The Basics of Tasting Chocolate
1. Look and examine the colors, shine, shape, texture. Is it shiny? A dull grey or beige surface could indicate sugar or fat bloom, either of which will impair the chocolate’s full potential.
2. Touch the surface and discover how it feels. Does your finger glide smoothly over the surface or does it feel rough or bubbly? After you bite into the chocolate truffle, notice the texture and how it feels on your tongue.
3. Listen to the sound as you bite into the chocolate. Can you hear the chocolate shell snap or is it soft?
4. Smell… by warming the chocolate slightly with your breath or gently rubbing the outside shell; warmth releases chocolates nuances or flavor notes. These are not the added ingredients such as sugar, fruit, etc, but are chocolates own qualities brought out during the transformation from bean to bar. These tasting notes are typically described by words such as roasted, floral, fruity, spicy, nutty, and earthy. What flavor notes can you smell?
5. Taste the two layers nestled in the chocolate shell. We recommend starting with a top-to-bottom bite to sample both layers simultaneously, then allowing them to melt in our mouth to experience the full bouquet.
Does the flavor or feeling change over time?
Try to smell the aromas now. Do they fill your mouth with flavor notes?
Can you distinguish the five tastes; sweet, sour, salty, bitter, and umami?
Try to taste each layer individually and then together again to get the full effect. Does the combination of tastes create the umami effect?
What words would you use to describe your sense-venture?
We hope you’ll agree that our zealous adherence to quality has captured the essence and purity of our wholesome ingredients.
Each chocolate truffle is carefully designed and artfully paired to stimulate a rich and rewarding sensory journey of flavors like a musical passage of flavor notes. From the very first bite, the initial flavor experience is like a harmony of notes – that incite a dance upon the palate like notes to a symphony transporting you on an eclectic culinary sense-venture culminating in a lingering finale.
Sweet –rounds out flavors, whereas, acidity sharpens them. When balanced, chocolates multitude of flavor notes are evident. However, a large amount of either taste can overwhelm the other. If you notice sugar immediately, and the sweet notes are annoying, then there is probably too much. Sugar is often used to mask poor quality chocolate.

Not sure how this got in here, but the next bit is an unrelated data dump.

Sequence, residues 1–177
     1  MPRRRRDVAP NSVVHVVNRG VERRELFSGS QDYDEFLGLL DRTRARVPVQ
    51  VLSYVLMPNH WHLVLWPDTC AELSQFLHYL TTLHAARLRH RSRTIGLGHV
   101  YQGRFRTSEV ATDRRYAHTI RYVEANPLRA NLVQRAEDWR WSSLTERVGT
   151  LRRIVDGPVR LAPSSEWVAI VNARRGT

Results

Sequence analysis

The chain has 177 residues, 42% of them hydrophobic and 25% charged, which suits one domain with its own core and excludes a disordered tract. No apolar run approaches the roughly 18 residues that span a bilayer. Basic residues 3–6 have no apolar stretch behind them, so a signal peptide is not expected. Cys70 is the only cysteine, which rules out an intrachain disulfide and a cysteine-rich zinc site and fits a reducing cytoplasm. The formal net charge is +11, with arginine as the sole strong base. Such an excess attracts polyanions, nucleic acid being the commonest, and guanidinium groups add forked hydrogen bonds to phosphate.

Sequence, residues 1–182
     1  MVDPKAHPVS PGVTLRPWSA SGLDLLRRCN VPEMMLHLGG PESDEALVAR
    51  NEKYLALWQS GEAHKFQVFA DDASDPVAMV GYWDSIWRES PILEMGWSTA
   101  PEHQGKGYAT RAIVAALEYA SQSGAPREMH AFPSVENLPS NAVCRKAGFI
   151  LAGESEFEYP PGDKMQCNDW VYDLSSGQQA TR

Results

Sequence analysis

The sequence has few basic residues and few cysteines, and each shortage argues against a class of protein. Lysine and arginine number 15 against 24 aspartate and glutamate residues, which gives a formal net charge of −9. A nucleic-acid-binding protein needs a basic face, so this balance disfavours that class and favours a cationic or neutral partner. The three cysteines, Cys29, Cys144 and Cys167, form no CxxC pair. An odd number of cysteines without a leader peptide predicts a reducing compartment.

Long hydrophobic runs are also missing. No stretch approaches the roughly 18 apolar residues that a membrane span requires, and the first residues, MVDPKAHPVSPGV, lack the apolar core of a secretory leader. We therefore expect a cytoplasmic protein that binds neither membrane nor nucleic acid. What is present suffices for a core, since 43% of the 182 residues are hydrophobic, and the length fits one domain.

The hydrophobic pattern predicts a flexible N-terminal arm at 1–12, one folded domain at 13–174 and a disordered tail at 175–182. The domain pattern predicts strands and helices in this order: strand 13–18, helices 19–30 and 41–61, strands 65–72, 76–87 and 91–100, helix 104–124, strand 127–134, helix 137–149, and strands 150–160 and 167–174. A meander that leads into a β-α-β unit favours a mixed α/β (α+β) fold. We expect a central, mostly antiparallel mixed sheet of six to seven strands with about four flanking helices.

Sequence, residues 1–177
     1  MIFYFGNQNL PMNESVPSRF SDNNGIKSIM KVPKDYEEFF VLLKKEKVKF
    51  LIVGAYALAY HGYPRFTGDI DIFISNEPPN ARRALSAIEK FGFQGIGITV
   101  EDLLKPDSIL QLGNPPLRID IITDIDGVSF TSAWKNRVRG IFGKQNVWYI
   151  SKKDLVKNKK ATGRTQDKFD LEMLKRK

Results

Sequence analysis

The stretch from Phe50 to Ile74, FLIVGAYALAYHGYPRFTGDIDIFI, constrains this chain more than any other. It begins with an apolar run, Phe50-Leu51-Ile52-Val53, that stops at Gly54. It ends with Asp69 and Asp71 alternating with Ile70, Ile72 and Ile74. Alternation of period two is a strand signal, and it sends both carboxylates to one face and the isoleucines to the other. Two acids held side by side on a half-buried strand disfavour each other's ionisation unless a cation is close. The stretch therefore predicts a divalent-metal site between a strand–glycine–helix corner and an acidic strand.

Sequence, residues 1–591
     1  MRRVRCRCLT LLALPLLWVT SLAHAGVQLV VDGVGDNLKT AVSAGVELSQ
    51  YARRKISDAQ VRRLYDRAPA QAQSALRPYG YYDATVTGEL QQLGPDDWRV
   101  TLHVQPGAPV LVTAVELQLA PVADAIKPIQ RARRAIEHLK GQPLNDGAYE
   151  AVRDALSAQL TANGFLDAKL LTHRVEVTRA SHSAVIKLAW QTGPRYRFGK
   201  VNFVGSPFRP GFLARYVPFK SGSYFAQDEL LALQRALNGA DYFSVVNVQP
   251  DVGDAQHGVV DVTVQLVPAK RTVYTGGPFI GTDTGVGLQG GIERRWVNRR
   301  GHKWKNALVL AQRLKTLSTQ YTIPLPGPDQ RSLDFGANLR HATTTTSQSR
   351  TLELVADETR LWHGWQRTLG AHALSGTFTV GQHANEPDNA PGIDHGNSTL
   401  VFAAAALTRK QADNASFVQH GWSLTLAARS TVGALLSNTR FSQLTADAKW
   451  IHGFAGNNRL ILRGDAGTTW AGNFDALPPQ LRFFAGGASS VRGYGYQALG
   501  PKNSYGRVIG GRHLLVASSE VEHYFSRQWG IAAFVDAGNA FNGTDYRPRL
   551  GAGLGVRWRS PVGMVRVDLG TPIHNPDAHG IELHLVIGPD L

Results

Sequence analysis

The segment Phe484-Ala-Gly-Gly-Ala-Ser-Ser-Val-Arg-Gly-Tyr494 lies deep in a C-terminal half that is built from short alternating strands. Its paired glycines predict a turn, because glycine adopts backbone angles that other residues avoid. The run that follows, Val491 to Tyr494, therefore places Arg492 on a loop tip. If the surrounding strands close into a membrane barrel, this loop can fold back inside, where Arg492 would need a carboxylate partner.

Sour – typically the taste of acids that tend to sharpen other flavors. In small amounts, sour notes enhance bitterness, but have the opposite effect in large doses. Acidity is detected primarily on the sides of the tongue causing them to curl up. Try smelling something really acidic, like vinegar, and see what happens
Salty – stimulates salivation and enhances other flavors. It diminishes the effects of sour, sweet, and bitter notes. Although, it is one of the first tastes recognized it lingers longer than sweetness.
Bitter –moderates other flavor notes, can have a cooling effect, and promotes a perception of lightness. Often, when people are first asked to describe chocolate they refer to it as bitter. Actually, what they are usually describing, if not sour, is acidity, or astringency if it is poor quality chocolate (astringency has a drying or puckering effect like chewing grape skin).
Umami – is a mild, but lingering after-taste often described as a pleasant mouth-filling “waft”. Specifically, it is the flavor detection of amino acids that is not pleasant by itself, but when combined with flavors that start with one of the other five basic tastes; sweet, salty, sour, or bitter, create the ultimate journey of flavor through the senses.
When Basic Tastes are combined with aromas, our senses create recognizable flavor notes. Like fine wines, Marco Paolo Chocolates are creatively prepared from the best ingredients, and then artfully mixed to stimulate a rich and rewarding sensory experience on every journey. Each truffle provides an initial flavor experience – a harmony of notes – that then excites a string of flavor notes, culminating in a lingering finish that provides a truly rewarding sensory adventure.